Deasy Simandjuntak – After months of speculation, President Joko 'Jokowi' Widodo announced in April that Indonesia's 2024 elections would not be postponed. Speculations of postponement had circulated after the Indonesian parliament's controversial plans to extend the presidential tenure, which have since been doused.
With this announcement, it is almost certain – almost, as anything could still happen in Indonesian politics – that the next elections will take place in February 2024. These will be simultaneous parliamentary, senate and presidential elections but, as in 2019, the latter will likely be most important for voters.
Although 2024 is still two years away, speculation has begun on who might replace Jokowi. Surveys indicate that the president is still popular, considered successful in infrastructure development and COVID-19 pandemic economic recovery. Normally incumbents would try to field a candidate who would continue their legacy, but Jokowi does not have his own party and so will not get to choose a successor. The political battleground itself will likely shift as parties form new coalitions following the candidates they endorse.
The polls so far indicate that Central Java Governor Ganjar Pranowo, Defence Minister Prabowo Subianto and Jakarta Governor Anies Baswedan are most likely to be endorsed as presidential candidates. Meanwhile, State-Owned Enterprises (SOE) Minister Erick Thohir, Tourism and Creative Economy Minister Sandiaga Uno, West Java Governor Ridwan Kamil, Democrat Party Chairman Agus Harimurti Yudhoyono and Parliament Speaker Puan Maharani – daughter of the Indonesian Democratic Party for Struggle (PDI-P) Chair Megawati Sukarnoputri – are popular vice-presidential candidates.
A recent election simulation by pollster Charta Politika indicated Ganjar Pranowo as the most popular choice regardless of his running-mate. The second most popular figure was Prabowo Subianto.
As the only party in the 2019 elections to have won the required 20 per cent of legislative votes to be allowed to unilaterally nominate a presidential ticket in 2024, PDI-P is alone in not being obligated to form a nominating coalition with other parties. Megawati will likely propose a figure with a similar policy stance to Jokowi, perhaps pairing the candidate with her daughter, Puan Maharani, as the vice-presidential candidate. Some speculate that PDI-P will support Ganjar Pranowo as he, like Jokowi, is Javanese, religiously tolerant and has a focus on effective governance. But Ganjar is a long-time PDI-P cadre and an all-PDI-P ticket of Ganjar-Puan could limit the ticket's appeal to the party's base.
To increase its candidate's chances, PDI-P may still form a coalition and either not endorse Ganjar or abandon Puan to accommodate the other party's preferences. Recent news indicates tussles between Ganjar and Central Java's PDI-P leadership, which suggests they may not support his candidacy. But others point out Megawati's fundamental interest in maintaining PDI-P as Indonesia's 'kingmaker', and for this she will likely endorse Ganjar as the most popular candidate.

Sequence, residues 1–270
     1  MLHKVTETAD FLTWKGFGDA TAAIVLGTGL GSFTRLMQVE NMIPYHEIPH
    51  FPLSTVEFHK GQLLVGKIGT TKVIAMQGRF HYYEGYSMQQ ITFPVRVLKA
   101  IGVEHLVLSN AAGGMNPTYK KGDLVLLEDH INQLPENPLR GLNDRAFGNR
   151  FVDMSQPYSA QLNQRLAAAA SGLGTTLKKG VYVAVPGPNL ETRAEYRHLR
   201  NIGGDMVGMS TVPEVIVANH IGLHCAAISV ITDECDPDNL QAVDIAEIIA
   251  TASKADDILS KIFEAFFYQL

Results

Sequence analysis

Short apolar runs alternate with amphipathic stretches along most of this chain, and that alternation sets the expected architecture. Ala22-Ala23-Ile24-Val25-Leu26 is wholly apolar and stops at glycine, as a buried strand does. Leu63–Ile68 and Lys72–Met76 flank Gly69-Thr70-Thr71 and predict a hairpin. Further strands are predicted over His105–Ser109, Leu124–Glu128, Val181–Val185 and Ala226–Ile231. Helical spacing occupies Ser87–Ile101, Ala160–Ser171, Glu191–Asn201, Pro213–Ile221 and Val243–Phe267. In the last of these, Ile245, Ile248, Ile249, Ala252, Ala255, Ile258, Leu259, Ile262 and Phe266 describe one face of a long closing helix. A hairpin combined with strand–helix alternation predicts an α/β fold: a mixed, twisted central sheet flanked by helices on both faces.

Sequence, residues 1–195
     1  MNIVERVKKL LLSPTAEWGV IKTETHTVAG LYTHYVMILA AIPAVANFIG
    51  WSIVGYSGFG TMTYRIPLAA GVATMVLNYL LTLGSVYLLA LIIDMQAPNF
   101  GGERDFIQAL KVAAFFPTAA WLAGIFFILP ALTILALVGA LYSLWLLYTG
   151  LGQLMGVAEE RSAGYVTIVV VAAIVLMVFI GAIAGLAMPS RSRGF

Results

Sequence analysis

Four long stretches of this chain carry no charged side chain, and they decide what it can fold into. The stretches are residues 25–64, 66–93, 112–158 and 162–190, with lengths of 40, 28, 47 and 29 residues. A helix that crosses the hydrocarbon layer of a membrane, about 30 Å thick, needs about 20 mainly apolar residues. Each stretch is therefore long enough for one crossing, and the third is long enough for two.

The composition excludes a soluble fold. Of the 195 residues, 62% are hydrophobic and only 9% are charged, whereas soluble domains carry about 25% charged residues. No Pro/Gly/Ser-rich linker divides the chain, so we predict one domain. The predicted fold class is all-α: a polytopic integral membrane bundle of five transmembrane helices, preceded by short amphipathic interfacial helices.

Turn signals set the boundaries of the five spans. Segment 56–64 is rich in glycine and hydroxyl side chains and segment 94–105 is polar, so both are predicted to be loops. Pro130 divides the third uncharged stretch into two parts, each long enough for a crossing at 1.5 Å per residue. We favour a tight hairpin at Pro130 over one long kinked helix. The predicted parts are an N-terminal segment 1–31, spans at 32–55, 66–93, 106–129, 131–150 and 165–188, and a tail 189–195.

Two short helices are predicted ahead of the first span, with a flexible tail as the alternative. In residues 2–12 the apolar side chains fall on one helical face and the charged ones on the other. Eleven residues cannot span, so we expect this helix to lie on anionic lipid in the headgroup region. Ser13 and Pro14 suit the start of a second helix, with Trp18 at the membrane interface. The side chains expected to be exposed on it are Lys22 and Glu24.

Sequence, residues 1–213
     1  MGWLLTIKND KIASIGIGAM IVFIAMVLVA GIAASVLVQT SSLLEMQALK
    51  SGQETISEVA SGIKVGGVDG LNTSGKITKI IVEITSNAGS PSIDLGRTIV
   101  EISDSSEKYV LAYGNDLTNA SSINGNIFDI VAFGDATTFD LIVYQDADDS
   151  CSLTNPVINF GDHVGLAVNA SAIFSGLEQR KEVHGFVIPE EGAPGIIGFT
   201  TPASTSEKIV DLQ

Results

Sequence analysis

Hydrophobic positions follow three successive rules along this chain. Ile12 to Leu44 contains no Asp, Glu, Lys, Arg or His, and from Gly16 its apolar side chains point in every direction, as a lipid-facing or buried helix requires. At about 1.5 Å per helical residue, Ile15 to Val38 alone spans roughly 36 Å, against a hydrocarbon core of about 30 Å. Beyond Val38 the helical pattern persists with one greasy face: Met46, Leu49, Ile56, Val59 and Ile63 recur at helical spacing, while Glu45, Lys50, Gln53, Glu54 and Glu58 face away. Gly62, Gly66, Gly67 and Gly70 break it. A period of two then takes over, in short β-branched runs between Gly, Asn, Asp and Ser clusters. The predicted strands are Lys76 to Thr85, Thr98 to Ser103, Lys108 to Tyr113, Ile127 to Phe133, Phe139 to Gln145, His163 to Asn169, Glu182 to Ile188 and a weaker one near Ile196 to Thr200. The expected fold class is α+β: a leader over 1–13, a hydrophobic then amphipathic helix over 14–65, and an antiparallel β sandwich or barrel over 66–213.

A ticket comprising Ganjar and SOE minister Erick Thohir is one viable option. A highly successful young entrepreneur, Erick is popular among millennial voters. As an honorary member of the Multipurpose Ansor Front, the militia wing of the youth organisation Ansor – which is affiliated with the Nahdlatul Ulama, Indonesia's largest moderate Muslim organisation – Erick could attract moderate Muslim votes.
Others predict a Prabowo Subianto-Puan Maharani ticket. Having run for president in 2014 and 2019, and as Megawati's vice-presidential candidate in 2009, Prabowo remains popular. Although Prabowo's party opposed Megawati's PDI-P in both 2014 and 2019, the fact that he had earlier run with Megawati and now serves as defence minister in the PDI-P-supported government shows that the two figures are not fundamentally opposed.
The opposition camp might field Jakarta Governor Anies Baswedan, mostly for his popularity among conservative Islamic voters. But it is unclear if this voting bloc is as strong as in 2019 after recent government moves, such as banning the firebrand Islamic Defenders Front (FPI). He will likely still need some votes from the moderate Muslims, yet this is difficult due to his conservative image. Since Anies' candidacy in the 2017 Jakarta election was supported by Prabowo, the possibility of Prabowo and Anies running head-to-head in 2024 illustrates the flexibility of Indonesia's politics. The relative absence of party ideology has made individual candidates – and public perception of their 'religiosity' – the focus of mobilisation.
A possible dark horse is General Andika Perkasa, Commander of the Armed Forces. Appointed in November 2021, Andika – the son-in-law of the influential former intelligence chief Hendropriyono, has unusual policies. Recently he allowed descendants of members of the long-disbanded Indonesian Communist Party (PKI) to apply to the armed forces. They had been barred since 1966 and Andika's decision attracted controversy. But observers highlight the potential support of 25 million PKI descendants. Even if they do not form a voting bloc, Andika's decision to let this group join the military will resonate with supporters of 'national reconciliation'.
Political developments over the next two years are sure to bring some surprises. It remains to be seen whether identity politics, the success in managing the COVID-19 or other new political issues will dictate preferences in 2024.
[Deasy Simandjuntak is Associate Fellow in Indonesia Studies Programme at the ISEAS-Yusof Ishak Institute, Singapore, Adjunct Associate Professor at National Chengchi University, Taipei and International Visiting Fellow at Taiwan Foundation for Democracy, Taipei.]